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animal appears attention beautiful Boards body called cause character circumstances common concerning considerable considered contains continued disease edition effect English equal experience expressed facts feelings former French frequently give given hand heart hope human idea important instances interesting Italy kind King language late laws learned less letter light live Lord manner matter means mentioned merit mind motion nature necessary never object observed opinion original particular passage passed perhaps persons poem poet possess practice present principles produced prove readers reason remarks respect says seems short spirit success sufficient supposed things thought tion translation truth various verse volume whole wish writer written
Page 207 - tis a dull and endless strife: Come, hear the woodland linnet, How sweet his music! on my life, There's more of wisdom in it. And hark! how blithe the throstle sings! He, too, is no mean preacher: Come forth into the light of things, Let Nature be your Teacher.
Page 203 - First named these notes a melancholy strain. And many a poet echoes the conceit ; Poet who hath been building up the rhyme When he had better far have stretched his limbs Beside a brook in mossy forest-dell, By sun or moon-light, to the influxes Of shapes and sounds and shifting elements Surrendering his whole spirit...
Page 203 - Tis the merry Nightingale That crowds, and hurries, and precipitates With fast thick warble his delicious notes, As he were fearful that an April night Would be too short for him to utter forth His love-chant, and disburthen his full soul Of all its music...
Page 202 - No cloud, no relique of the sunken day Distinguishes the West, no long thin slip Of sullen light, no obscure trembling hues. Come, we will rest on this old mossy bridge ! You see the glimmer of the stream beneath, But hear no murmuring : it flows silently, O'er its soft bed of verdure. All is still, A balmy night ! and though the stars be dim, Yet let us think upon the vernal showers That gladden the green earth, and we shall find A pleasure in the dimness of the stars. And hark ! the Nightingale...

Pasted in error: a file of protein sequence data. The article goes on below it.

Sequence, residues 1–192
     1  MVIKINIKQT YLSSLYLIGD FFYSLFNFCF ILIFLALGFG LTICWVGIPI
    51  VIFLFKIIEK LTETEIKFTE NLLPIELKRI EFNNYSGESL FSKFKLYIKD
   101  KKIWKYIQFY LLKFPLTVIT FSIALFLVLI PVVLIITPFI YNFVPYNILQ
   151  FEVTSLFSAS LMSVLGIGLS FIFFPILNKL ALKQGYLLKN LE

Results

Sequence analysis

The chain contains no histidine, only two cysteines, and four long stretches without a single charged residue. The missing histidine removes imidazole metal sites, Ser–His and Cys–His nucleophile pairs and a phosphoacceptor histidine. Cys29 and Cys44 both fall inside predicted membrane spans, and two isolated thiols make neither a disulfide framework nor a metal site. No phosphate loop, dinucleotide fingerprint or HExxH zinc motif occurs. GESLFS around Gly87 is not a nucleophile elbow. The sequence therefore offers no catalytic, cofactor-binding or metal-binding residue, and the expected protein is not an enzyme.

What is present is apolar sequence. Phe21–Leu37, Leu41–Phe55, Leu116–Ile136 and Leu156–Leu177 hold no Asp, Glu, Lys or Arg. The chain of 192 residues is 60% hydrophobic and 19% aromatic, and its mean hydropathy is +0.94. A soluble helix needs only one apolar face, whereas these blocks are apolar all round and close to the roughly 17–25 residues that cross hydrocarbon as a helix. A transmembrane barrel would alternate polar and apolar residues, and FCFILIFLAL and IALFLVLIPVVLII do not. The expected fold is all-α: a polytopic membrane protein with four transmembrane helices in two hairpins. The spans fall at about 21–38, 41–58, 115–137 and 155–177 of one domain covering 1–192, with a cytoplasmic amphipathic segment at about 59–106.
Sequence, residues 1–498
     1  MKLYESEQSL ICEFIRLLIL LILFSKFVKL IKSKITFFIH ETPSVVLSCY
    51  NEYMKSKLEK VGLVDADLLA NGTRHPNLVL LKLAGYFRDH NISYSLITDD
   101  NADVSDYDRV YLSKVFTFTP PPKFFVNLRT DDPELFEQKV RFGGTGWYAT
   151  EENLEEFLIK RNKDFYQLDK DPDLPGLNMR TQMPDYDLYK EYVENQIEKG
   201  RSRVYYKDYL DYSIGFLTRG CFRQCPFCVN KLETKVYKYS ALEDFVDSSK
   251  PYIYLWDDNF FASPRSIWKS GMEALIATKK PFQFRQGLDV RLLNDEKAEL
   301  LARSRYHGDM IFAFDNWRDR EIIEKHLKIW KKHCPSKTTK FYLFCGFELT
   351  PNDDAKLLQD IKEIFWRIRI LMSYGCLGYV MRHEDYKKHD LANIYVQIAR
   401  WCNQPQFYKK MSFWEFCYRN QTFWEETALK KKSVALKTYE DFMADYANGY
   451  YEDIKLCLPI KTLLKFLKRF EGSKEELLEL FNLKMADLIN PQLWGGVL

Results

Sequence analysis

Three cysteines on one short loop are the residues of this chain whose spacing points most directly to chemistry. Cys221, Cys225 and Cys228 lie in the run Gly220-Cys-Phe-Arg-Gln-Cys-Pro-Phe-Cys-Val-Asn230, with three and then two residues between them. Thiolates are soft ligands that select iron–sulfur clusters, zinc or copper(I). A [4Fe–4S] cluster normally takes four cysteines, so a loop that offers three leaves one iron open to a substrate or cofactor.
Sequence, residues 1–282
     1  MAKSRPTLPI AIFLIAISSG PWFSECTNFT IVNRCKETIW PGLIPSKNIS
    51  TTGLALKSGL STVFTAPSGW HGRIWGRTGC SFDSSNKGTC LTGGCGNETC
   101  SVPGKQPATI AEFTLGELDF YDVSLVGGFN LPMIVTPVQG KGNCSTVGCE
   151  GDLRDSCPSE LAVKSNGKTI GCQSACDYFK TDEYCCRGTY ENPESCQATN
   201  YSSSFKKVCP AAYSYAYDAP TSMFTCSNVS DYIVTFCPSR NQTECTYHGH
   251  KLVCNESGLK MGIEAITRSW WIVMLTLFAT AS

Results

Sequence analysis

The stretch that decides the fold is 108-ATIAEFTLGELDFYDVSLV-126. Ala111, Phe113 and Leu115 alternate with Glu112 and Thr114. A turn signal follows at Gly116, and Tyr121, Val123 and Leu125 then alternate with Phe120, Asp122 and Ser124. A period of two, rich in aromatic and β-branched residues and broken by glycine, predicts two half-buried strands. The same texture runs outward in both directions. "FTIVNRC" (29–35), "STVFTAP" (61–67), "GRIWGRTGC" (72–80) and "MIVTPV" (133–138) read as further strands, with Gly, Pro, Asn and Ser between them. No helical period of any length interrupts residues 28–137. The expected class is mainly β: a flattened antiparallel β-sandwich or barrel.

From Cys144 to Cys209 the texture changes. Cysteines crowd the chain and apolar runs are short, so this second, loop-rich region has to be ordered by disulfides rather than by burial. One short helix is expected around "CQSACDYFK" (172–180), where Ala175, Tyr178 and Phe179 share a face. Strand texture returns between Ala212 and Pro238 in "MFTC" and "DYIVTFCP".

Page 204 - Full fain it would delay me! My dear babe, Who, capable of no articulate sound, Mars all things with his imitative lisp, How he would place his hand beside his ear, His little hand, the small forefinger up, And bid us listen!
Page 422 - Firm-paced and slow, a horrid front they form, Still as the breeze, but dreadful as the storm; Low murmuring sounds along their banners fly, Revenge, or death...
Page 202 - But hear no murmuring: it flows silently, O'er its soft bed of verdure. All is still, A balmy night! and though the stars be dim, Yet let us think upon the vernal showers That gladden the green earth, and we shall find A pleasure in the dimness of the stars. And hark! the Nightingale begins its song, 'Most musical, most melancholy
Page 206 - The sun, above the mountain's head, A freshening lustre mellow Through all the long green fields has spread, His first sweet evening yellow. Books ! 'tis a dull and endless strife : Come, hear the woodland linnet, How sweet his music ! on my life, There's more of wisdom in it.
Page 207 - One impulse from a vernal wood May teach you more of man, Of moral evil and of good, Than all the sages can. Sweet is the lore which Nature brings ; Our meddling intellect Mis-shapes the beauteous forms of things : — We murder to dissect. Enough of Science and of Art ; Close up those barren leaves ; Come forth, and bring with you a heart That watches and receives.